I am building a preamp for a sinusoidal current source. I have a two stage amplification process, with a bandpass RC filter in the middle. The second stage amplification is has two outputs from an inverting, and a non inverting OP-AMP. I want the output from both inverting and non-inverting amps to be as close as possible, but inverted. I also require V_out/V_in for the second amplifiers to be about 20 and -20 for the inverting and non-inverting respectively. This would normally mean $$-R7/R6 = -20$$, and $$1+ R4/R5 = 21$$

enter image description here I have two questions.

Firstly, for the inverting amp, does the resistor in the bandpass RC filter (R2) affect the amplification of the inverting OP-AMP? Making the gain $$-20 = -R7/(R2+R6)$$ Would R3 have any effect too?

Secondly, for the Non inverting OP-AMP, as the input inpedance is infinite on the +ve input anyway, does R2 make any difference?

  • \$\begingroup\$ Your bandpass looks wrong, specifically C1. \$\endgroup\$
    – JimmyB
    Jun 29, 2016 at 14:20
  • \$\begingroup\$ "I want the output from both inverting and non-inverting amps to be as close as possible" - You could of course let one amp do the amplification and have the other amp just invert it's output with unity gain. \$\endgroup\$
    – JimmyB
    Jun 29, 2016 at 14:30
  • \$\begingroup\$ @Jimmy, thanks, I'll make sure to correct that. And yes, that looks like that would work. Would there be any phase delay because of that? My signals are only about 20KHz \$\endgroup\$ Jun 29, 2016 at 15:00
  • \$\begingroup\$ What is the purpose of C1? Why didn`t you use a parallel LC bandpass? \$\endgroup\$
    – LvW
    Jun 29, 2016 at 15:00
  • \$\begingroup\$ @LvW, the signals I'm using are quite low frequency. About 20KHz. I think for that case RC filters are fine? \$\endgroup\$ Jun 29, 2016 at 15:04

1 Answer 1


@JimmyB is correct - C1 is attached to the first stage preamp op amp output and sees the output impedance of the amplifier (basically zero), so you would be better placing R2 between the op amp and C1. The op amp will not behave well trying to drive a capacitive load for all but the smallest capacitor values.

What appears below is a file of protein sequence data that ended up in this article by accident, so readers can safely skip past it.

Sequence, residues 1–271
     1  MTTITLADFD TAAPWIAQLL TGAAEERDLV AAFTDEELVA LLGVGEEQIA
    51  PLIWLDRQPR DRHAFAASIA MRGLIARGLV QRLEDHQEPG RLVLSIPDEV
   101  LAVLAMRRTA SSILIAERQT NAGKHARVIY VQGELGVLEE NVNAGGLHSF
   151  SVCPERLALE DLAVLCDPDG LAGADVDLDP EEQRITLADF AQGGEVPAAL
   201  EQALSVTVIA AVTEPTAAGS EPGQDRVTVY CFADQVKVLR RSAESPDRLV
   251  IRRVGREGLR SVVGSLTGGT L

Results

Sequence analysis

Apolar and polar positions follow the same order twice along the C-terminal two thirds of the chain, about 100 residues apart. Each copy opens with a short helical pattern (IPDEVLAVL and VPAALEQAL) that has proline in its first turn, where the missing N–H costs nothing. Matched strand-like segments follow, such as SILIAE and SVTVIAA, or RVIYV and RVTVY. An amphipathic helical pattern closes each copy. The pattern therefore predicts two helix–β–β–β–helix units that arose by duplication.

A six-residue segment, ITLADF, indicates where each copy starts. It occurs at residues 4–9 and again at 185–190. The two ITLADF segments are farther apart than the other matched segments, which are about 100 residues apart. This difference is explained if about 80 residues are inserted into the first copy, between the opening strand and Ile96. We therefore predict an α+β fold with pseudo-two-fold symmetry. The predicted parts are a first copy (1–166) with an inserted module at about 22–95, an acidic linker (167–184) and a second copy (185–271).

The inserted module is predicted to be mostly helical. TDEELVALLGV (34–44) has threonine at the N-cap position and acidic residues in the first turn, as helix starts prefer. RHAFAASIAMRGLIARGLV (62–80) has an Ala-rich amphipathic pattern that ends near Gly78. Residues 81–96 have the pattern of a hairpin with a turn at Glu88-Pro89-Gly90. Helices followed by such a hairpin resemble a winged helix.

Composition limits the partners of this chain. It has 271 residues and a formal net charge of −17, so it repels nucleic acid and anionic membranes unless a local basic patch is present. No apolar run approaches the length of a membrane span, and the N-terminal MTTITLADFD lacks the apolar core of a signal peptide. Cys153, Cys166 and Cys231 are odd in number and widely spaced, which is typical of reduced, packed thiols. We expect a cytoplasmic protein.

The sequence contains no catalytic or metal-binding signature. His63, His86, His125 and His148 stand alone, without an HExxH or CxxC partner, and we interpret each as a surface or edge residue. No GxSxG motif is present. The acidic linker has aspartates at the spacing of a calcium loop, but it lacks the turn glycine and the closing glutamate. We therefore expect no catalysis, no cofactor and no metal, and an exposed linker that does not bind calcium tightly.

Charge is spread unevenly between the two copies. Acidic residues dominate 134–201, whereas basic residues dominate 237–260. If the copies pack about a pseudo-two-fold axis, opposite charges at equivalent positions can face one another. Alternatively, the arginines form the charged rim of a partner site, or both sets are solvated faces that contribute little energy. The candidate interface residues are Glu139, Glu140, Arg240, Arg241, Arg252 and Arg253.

Answering your questions: First one: The inverting op amp gain you have calculated (assuming no saturation) would apply only to the signal appearing at the junction of C2 and R3, which is the output of your network. Since the negative input of the op amp is always zero, treat R6 as a resistor to ground when calculating the output of your network. R6 is parallel to R3.

Second Question: Leaving aside the capacitor on the output of the preamp op amp and looking at the circuit as you have drawn it, R2 does affect the gain from start to finish, because the signal is divided down by the ratio of R2 and the parallel combination of R3 and R6 at very high frequencies (where the impedance of C2 is negligible). At low frequencies, you will have to account for additional voltage drop because C2 is in series with R2.

  • \$\begingroup\$ ...or much better: leave out R3 and use R6 as only "load" to C2 in the highpass cell \$\endgroup\$
    – carloc
    Nov 28, 2016 at 7:50

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